Press Release

Ohio Wesleyan Student Earns Microscopy Society of America Scholarship

May 6, 2015 – by Cole Hatcher

Daisy Glaeser, Class of 2016, to Use Research Award to Study the Evolution of Parasitic Pinworms

Daisy Glaeser ’16

DELAWARE, Ohio – Getting lost helped Ohio Wesleyan University junior Daisy Glaeser to find her academic passion and, years later, to earn a prestigious Microscopy Society of America Undergraduate Research Scholarship.

As a prospective student, Glaeser recalls walking Ohio Wesleyan’s 200-acre campus and losing her way while searching for her residence hall. A faculty member stopped to help and, learning that Glaeser was interested in microbiology, took time to show her the university’s scanning transmission electron microscope before walking her to her destination.

“It was this outreach to students that I was looking for in a university,” said Glaeser, a microbiology major from Brunswick, Ohio. “And the fact that a professor took time out of their day to not only personally walk me back to the proper dorm, but also to show me the (electron microscope) and tell me that I could work with such a wonderful microscope, I was overjoyed.”

Glaeser’s joy increased recently when she learned that she was among a small group of college students nationwide to be awarded a competitive 2015 Microscopy Society of America (MSA) Undergraduate Research Scholarship. As part of her award, Glaeser will write an abstract of her completed research for publication in the peer-reviewed scientific journal Microscopy and Microanalysis.

With her MSA scholarship, Glaeser will study the “Characterization of a Diverse Nematode Parasite Community from Millipedes using Scanning Electron Microscopy.”

“This research hopes to tackle some of the phylogeny (evolutionary) problems of the order,” Glaeser said. “My main focus for this research is to become more adapt with the scanning transmission electron microscope and to contribute to parasitology by helping identify possibly new parasites and cleaning up the phylogeny of the order these parasites belong in.”

Glaeser will conduct her research under the guidance of Ramon Carreno, Ph.D., OWU associate professor of zoology. She will focus on three parasites found in the digestive tract of millipedes, seeking to determine exactly where the parasites are located in the tract and why.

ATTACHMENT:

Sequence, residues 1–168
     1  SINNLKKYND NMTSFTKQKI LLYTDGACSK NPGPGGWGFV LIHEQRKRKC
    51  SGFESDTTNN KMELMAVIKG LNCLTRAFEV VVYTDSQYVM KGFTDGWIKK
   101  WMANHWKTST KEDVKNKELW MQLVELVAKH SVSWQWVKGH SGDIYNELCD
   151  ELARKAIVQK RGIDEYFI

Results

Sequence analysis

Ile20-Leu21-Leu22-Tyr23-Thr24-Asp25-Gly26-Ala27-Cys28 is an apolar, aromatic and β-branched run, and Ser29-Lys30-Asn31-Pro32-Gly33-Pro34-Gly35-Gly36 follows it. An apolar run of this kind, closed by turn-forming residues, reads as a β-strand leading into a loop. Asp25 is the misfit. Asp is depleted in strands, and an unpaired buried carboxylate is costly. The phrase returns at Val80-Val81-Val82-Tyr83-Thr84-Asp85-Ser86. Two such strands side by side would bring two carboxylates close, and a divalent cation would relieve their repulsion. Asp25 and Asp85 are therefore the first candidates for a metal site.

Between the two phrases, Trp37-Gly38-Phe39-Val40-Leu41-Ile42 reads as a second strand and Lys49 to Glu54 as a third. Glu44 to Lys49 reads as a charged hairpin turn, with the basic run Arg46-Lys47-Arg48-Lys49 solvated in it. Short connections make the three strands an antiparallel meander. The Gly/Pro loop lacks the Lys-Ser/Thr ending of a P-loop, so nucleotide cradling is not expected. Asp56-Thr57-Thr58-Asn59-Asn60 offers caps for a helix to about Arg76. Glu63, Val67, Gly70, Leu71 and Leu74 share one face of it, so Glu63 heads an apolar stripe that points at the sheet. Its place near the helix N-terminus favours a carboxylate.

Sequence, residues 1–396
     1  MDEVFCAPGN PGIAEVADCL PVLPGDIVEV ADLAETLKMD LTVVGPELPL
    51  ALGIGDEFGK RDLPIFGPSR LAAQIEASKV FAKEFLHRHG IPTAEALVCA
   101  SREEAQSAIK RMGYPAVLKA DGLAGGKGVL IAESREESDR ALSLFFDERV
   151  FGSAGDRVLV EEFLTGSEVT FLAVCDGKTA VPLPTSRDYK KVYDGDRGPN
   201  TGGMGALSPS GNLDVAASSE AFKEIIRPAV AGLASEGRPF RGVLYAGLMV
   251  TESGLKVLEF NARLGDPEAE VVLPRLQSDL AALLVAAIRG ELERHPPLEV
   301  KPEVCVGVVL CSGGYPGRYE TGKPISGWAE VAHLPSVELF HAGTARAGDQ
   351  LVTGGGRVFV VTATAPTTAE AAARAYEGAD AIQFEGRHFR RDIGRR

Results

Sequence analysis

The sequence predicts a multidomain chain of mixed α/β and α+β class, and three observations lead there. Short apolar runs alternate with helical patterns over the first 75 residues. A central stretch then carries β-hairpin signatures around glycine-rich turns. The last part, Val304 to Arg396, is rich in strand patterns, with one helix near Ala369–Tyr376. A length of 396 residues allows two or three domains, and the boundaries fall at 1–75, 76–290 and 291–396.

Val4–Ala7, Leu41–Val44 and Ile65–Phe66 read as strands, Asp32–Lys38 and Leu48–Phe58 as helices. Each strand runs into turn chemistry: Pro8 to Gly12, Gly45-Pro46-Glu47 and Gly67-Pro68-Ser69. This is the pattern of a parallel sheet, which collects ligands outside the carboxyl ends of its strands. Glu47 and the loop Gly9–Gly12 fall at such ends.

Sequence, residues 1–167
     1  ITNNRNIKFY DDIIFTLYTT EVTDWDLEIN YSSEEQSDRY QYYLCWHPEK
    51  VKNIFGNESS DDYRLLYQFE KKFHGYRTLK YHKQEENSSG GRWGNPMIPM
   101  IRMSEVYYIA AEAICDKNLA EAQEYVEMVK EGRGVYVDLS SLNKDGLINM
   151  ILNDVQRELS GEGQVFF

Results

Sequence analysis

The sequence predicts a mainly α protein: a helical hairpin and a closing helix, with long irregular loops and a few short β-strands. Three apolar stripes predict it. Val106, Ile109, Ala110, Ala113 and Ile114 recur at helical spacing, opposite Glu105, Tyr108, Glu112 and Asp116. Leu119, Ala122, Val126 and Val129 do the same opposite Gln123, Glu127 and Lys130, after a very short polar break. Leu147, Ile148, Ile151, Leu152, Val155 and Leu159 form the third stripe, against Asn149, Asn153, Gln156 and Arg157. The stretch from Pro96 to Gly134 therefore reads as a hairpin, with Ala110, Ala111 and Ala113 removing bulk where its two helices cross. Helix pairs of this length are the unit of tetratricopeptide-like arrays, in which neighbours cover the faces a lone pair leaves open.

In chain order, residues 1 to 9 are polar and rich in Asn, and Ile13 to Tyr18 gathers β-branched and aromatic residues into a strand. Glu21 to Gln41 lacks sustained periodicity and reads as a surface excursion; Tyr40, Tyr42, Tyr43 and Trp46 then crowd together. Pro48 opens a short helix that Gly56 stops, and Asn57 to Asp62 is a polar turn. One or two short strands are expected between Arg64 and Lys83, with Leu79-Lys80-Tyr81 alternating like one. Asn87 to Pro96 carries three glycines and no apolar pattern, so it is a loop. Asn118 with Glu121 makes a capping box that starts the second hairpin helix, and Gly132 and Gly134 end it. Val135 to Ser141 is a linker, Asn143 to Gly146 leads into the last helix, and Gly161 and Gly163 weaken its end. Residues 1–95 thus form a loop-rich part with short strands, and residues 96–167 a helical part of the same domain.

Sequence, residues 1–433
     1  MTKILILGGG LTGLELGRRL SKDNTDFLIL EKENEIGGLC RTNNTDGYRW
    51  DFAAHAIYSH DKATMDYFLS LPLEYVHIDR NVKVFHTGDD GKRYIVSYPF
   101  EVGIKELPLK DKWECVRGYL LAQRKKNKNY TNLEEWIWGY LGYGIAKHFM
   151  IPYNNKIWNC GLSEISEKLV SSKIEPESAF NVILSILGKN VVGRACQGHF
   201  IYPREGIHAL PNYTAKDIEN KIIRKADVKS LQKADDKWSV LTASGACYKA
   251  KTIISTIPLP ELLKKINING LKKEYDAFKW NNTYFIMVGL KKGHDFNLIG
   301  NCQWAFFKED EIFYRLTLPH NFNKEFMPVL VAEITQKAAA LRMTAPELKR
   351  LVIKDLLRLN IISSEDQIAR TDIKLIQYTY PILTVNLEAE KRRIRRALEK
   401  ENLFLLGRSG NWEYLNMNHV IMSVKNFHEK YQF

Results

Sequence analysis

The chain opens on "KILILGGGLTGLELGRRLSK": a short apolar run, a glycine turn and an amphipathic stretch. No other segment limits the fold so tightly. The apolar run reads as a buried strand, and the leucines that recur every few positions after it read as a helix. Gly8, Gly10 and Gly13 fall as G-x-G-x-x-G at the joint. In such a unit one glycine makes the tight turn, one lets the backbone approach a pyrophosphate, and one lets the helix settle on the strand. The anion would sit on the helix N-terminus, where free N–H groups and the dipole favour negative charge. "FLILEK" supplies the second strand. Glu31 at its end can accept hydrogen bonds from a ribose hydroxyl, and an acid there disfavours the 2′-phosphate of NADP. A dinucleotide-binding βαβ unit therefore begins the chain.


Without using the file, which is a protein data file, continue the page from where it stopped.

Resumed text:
Although she hasn’t settled on a long-term career goal, Glaeser has a couple of important criteria: “As long as I work with something I’m passionate about, I’ll be happy,” she said. “Right now, I’m considering branching into parasitology more, or going into wastewater management. My career goal is to work with a scanning transmission electron microscope for the rest of my life.”

Learn more about the Microscopy Society of America and its scholarships at www.microscopy.org. Learn more about Ohio Wesleyan’s scanning transmission electron microscope at https://www.owu.edu/academics/scanning-transmission-electron-microscope/ and the university’s Department of Botany/Microbiology at https://www.owu.edu/academics/departments-programs/department-of-botany-microbiology/.

Founded in 1842, Ohio Wesleyan University is one of the nation’s premier liberal arts universities. Located in Delaware, Ohio, the private university offers 86 undergraduate majors and competes in 23 NCAA Division III varsity sports. Ohio Wesleyan combines a challenging, internationally focused curriculum with off-campus learning and leadership opportunities to connect classroom theory with real-world experience. OWU’s 1,750 students represent 46 U.S. states and territories and 43 countries. Ohio Wesleyan is featured in the book “Colleges That Change Lives,” listed on the latest President’s Higher Education Community Service Honor Roll with Distinction, and included in the U.S. News & World Report and Princeton Review “best colleges” lists. Learn more at www.owu.edu.